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Wrap up: models are helpful if you know how to use them

In this article, Frank Krysiak and Hannes Weigt sum up what economic models are and why they are useful.
© University of Basel

This week we had our first glimpse at the world of economic modeling in the context of energy and environmental questions. We learned that models are simplified depictions of the real world. A good economic model does not aim to represent the whole complexity of the world but only includes those parts needed to tell consistent stories. Thus, a model is a simplified but credible description of our real world.

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Always keep in mind that modeling is more than just building a model. It always starts with a problem or question you want to analyze and ends with you interpreting your model results and relating it to your question.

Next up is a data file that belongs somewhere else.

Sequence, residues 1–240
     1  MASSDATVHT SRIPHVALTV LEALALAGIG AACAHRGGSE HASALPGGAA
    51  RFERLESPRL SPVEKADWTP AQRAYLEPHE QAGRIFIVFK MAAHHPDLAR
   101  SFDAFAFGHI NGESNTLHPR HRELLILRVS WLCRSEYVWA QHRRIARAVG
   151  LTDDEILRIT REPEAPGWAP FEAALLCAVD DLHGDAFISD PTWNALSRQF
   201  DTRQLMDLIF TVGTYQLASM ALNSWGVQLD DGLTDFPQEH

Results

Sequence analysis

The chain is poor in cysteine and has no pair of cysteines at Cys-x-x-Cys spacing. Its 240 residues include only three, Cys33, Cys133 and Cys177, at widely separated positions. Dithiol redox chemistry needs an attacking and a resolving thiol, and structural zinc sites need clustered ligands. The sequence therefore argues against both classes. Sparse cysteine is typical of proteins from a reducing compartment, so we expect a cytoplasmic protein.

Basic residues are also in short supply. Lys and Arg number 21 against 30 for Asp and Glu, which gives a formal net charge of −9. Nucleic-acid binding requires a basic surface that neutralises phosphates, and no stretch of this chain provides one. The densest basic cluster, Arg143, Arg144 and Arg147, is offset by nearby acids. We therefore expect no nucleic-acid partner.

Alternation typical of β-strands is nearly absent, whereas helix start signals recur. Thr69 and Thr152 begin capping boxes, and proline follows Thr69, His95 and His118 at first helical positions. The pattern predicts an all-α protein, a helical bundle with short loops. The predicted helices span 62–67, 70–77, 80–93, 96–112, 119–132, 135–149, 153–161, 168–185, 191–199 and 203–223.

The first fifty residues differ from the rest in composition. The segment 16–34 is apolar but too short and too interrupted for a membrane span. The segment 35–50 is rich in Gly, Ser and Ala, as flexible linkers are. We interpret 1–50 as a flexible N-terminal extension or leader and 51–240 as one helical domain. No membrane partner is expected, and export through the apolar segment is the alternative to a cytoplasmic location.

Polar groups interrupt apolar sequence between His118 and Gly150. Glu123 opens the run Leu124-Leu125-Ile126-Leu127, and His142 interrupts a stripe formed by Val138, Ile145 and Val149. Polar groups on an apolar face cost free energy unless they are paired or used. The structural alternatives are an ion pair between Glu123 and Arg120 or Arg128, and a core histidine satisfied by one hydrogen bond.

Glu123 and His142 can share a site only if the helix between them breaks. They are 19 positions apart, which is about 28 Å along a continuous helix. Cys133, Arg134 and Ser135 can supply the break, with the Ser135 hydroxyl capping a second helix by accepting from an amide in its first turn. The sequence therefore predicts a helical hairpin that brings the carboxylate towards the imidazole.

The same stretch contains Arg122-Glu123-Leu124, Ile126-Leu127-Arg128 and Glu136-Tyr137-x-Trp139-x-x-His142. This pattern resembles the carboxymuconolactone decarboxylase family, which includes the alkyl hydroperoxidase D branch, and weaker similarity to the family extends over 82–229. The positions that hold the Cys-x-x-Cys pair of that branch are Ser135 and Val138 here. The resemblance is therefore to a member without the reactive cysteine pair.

We have seen that there are different types of models for different purposes: explanatory models focusing on theoretic aspects aimed to make an argument and simulation models used to describe plausible scenarios yielding quantitative insights; bottom-up models capturing technical details; and top-down models focusing on aggregated interactions.

Feel free to have a look at some of the references provided in this course or interesting papers and reports you find online and try to cluster them into which type of modeling they fall. You will see that all of them have their place when assessing the multiple energy and environmental related questions we face today. So if this course persuades you to go in one way or the other you will find yourself in good company.

Finally, we had our first own model examples. We will gradually extend the aspects of modeling using examples like those to visualize and explain the concepts and thereby dive deeper into the world of economic modeling.

© University of Basel
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Exploring Possible Futures: Modeling in Environmental and Energy Economics

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